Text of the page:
2004-07-15 DE Ministry of Economics launches new survey about software patents
The German ministry of economics and labour has launched a survey among enterprises that asks them about their view of patentability of software and especially about the impact on interoperability.
*Short results from the study here please
This survey comes 2 yers after a partially similar survey that was carried out by two think tanks with close affiliations to the patent lobby and yet showed great disinterest and antipathy of the german software industry toward software patents. The present survey is worded in less biased terms than the one of two years ago. E.g. it does not use the patent newspeak terminology of "computer-implemented inventions" but rather a language that software professionals understand, including the word "software patents" which the Ministry of Justice officially claims to be a misguided word.
In May the ministry of justice, which is in charge of representing Germany in the EU Council, broke a promise which it had given to the public at large as well as to the governing coalition and to an interministerial working group, in which the Ministry of Economics participates, and voted for a version of the EU software patent directive proposal that removes all limits on patentability and patent enforcability, including those related to interoperability, that the European Parliament had voted for in september 2003. While the Ministry of Economics has remained silent or even, when asked for comment, publicly defended the action of their colleagues from the Ministry of Justice, there is hardly any doubt that they feel freer than before to act on their own. At a recent meeting in Ruegen with a renowned german economics institute they prepared a new effort at studying the problem.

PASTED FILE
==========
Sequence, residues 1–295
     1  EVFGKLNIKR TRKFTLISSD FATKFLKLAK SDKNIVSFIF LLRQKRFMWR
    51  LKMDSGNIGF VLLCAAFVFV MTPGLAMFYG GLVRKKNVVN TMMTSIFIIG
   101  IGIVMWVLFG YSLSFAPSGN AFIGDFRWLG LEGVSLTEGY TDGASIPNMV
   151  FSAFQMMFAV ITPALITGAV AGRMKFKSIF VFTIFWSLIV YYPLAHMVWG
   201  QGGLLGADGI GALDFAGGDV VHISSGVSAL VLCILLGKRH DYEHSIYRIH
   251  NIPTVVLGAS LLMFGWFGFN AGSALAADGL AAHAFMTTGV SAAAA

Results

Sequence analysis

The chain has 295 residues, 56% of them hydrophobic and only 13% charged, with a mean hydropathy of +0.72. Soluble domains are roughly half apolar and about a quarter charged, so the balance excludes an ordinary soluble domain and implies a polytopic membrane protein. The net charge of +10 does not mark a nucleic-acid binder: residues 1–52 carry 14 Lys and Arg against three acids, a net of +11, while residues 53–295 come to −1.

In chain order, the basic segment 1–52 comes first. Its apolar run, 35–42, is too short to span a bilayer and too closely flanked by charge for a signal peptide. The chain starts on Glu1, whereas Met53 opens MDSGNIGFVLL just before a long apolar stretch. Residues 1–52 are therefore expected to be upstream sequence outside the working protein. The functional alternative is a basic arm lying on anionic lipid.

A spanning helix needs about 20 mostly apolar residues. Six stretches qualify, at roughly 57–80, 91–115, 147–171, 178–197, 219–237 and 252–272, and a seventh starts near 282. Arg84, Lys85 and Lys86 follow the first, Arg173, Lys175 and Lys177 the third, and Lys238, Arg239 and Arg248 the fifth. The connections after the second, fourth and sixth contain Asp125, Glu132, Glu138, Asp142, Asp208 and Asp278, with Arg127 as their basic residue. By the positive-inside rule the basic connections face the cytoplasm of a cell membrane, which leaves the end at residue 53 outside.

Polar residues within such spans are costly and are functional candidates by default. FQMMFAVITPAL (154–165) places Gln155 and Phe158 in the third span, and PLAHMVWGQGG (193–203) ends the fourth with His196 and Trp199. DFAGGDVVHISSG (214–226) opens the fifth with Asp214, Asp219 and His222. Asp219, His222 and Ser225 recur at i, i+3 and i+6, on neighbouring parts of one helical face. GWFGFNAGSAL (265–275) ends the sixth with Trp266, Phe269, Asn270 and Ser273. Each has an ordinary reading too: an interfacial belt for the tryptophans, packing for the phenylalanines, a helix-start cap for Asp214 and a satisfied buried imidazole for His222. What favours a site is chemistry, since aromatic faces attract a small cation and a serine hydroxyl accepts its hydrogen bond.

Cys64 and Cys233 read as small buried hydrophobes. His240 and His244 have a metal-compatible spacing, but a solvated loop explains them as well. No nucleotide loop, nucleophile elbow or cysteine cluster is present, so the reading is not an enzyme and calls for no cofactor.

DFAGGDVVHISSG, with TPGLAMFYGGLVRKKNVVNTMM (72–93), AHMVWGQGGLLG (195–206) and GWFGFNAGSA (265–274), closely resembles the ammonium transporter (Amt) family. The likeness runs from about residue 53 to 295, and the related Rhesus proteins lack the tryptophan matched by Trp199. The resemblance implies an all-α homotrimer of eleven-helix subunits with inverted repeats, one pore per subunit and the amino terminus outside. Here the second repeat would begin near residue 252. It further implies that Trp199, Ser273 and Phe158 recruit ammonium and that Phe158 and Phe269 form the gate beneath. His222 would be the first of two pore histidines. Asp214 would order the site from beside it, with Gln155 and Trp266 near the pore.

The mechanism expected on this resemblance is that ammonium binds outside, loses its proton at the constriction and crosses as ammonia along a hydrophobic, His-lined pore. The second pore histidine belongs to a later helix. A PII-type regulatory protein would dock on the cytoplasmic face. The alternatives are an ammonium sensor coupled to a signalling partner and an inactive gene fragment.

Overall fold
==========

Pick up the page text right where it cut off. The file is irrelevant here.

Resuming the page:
See the german version for more details on the survey.
Meanwhile the qualified majority behind the Council's decision no longer exists and Germany is one of the countries whose representatives opted for patent lobby interests instead of their government's agreed interests. The Parliament is facing a motion by the opposition Liberal Democratic Party to officially withdraw the government's support from the Council agreement, and !MPs from both parties of the governing coalition seem to be broadly in favor of the motion. After the Netherlands, Germany might be the second country to drop out of the qualified majority.